If the goal of your Sales Manager Minute is to provide actionable information to fellow members, telling them what they already know and nothing more will always be a wasted opportunity. What is and isn’t obvious depends both on your profession and your familiarity with the members of your chapter, but if you sense that you will be stating the obvious, you always have the opportunity to provide more details, to provide illustrative examples, or even to take a shot in the dark. You can’t move the needle less than zero.
3. Being Too Vague
If your BNI Chapter was joined by a new property-casualty insurer, every member could recommend him to all of the 90% of people in their network who drive…but they don’t. They might refer the friend complaining about her new car bill being sky-high (the aforementioned incentivized consumer), and the old client with a huge fleet, and the colleague they think would hit it off personally with the agent, but that’s it. We don’t refer everyone we know to every member who would like some of their money; we make specific connections
…and the Solution?
Actionable intelligence can be generated in several ways, but the most central point is that your ask, whatever it is and however you construct it, should TARGET, DRIVE, or INFORM the referrals to your business, and for me, in that order of importance.
The best Sales Manager Minute’s, and the conventional wisdom, still comes out on top here. Any time your Sales Manager Minute is targeted to contact with a specific person, the odds go up that a referral will result. If targeting a specific person isn’t a viable option, requesting referrals to a specific type of business, or individuals in a specific profession, or employees of a specific business can sometimes generate even more referrals if you express a clear reason for targeting that class. This is especially true if your focus that week is on networking more than end-customers.
Sales Manager Minutes are also an excellent opportunity to steer referrals in a particular direction to address the immediate needs of your business. If you have just hired someone to expand your service offerings in a particular area, you may want to emphasize finding work for that person. If your store bought a large quantity of something at a discount, and you want to move it as a special, you may want to promote that deal. As an estate planning attorney, if I had to spend several hours doing research to draft a special kind of trust, I may want to highlight that scenario to see if I can capitalize further on that knowledge. This is less likely to generate quality referrals than a targeted ask, but if you don’t have a target-style Sales Manager Minute to offer, or if you still prefer to address an immediate priority, this is the way to go.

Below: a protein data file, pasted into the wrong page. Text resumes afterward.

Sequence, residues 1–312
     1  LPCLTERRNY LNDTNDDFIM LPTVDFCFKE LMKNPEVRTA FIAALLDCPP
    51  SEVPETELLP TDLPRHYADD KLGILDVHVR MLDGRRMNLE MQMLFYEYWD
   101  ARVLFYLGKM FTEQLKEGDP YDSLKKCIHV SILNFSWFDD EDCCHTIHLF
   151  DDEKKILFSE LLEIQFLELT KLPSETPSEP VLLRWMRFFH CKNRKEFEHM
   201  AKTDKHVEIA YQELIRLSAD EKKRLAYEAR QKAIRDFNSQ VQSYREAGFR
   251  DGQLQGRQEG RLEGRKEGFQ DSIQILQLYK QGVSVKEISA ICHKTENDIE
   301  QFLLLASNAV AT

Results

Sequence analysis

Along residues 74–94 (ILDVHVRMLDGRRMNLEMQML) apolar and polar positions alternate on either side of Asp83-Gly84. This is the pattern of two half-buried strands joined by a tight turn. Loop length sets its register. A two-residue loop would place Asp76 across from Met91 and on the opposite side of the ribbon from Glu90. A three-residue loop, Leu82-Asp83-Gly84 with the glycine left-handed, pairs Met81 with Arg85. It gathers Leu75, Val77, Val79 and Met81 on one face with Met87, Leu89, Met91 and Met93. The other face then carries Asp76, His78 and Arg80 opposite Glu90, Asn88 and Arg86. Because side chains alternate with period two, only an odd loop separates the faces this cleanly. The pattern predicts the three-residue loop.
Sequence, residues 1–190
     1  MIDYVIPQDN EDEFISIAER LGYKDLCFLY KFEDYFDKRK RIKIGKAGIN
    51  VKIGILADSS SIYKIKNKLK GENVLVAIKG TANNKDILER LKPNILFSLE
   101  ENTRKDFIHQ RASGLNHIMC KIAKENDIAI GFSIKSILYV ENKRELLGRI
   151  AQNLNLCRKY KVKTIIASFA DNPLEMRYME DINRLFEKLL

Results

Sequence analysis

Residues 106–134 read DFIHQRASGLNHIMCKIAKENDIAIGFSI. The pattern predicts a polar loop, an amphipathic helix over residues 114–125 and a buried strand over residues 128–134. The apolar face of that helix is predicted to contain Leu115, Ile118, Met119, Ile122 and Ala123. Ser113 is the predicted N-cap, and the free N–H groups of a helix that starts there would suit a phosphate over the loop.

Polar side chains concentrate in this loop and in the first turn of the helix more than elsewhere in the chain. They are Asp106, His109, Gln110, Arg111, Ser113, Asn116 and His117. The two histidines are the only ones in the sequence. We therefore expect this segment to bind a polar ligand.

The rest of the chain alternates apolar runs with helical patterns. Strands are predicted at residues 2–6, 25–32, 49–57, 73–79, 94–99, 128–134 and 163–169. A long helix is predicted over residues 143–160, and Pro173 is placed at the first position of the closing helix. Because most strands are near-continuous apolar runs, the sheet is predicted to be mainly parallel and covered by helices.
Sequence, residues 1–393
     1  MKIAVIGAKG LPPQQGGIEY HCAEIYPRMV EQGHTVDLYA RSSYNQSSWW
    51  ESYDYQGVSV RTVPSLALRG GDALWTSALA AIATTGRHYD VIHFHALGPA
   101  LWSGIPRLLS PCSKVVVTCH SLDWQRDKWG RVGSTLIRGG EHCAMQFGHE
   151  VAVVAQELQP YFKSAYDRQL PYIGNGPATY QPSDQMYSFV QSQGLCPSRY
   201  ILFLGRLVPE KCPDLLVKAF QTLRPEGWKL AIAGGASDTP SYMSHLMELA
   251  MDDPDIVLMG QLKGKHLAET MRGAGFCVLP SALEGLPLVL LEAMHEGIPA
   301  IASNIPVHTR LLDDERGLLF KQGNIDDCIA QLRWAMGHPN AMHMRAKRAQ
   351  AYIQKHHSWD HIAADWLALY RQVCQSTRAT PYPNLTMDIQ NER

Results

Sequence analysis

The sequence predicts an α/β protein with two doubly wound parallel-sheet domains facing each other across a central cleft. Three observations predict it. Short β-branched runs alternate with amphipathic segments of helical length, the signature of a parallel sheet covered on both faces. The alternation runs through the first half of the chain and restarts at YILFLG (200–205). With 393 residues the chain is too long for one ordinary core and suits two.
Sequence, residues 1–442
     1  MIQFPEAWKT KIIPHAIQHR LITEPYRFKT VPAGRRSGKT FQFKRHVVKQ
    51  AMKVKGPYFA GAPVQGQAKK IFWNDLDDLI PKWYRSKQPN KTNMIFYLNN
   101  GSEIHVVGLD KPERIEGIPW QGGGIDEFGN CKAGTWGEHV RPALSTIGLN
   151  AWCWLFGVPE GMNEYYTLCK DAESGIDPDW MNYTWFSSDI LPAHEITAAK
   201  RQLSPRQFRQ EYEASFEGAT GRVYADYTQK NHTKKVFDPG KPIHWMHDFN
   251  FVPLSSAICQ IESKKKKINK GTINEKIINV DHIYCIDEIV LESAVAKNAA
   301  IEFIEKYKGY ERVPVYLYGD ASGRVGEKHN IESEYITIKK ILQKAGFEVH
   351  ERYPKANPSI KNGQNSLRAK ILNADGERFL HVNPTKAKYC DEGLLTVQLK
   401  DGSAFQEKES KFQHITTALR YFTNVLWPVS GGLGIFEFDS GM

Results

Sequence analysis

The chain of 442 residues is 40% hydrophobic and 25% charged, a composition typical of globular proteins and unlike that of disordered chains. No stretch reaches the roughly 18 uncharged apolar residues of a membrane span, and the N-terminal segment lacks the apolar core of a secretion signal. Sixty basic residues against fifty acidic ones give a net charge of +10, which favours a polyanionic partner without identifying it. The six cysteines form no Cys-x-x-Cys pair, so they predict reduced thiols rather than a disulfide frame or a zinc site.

Some lines of work, particularly after you’ve already done a number of other Sales Manager Minutes, just do not lend themselves well to a targeted ask. Likewise, you may not have reason to promote one aspect of your work over others. Even so, you can provide actionable intelligence by informing your fellow members of the work that you do, and the role that you play in your clients’ lives. You may want to offer some ‘fun facts’ about your profession that aren’t common knowledge. If you struggle to come up with a distinctive sales manager minute from time to time, a great solution is to provide a brief “case study” of how you were able to help a client in a specific situation, or explain why an issue that clients frequently think is a simple one really isn’t. This is particularly true for service professionals, whose “product” is less concrete than a physical product, and therefore harder to understand.
In summary, you should always plan your Sales Manager Minute around the goal of providing your BNI colleagues with new information about your business, or a fresh way to look through their network, that will help them to refer more business to you. By avoiding information your colleagues are well aware of, and instead focusing on information that targets, drives, and informs the search for referrals, you maximize your potential for new referrals every time you speak.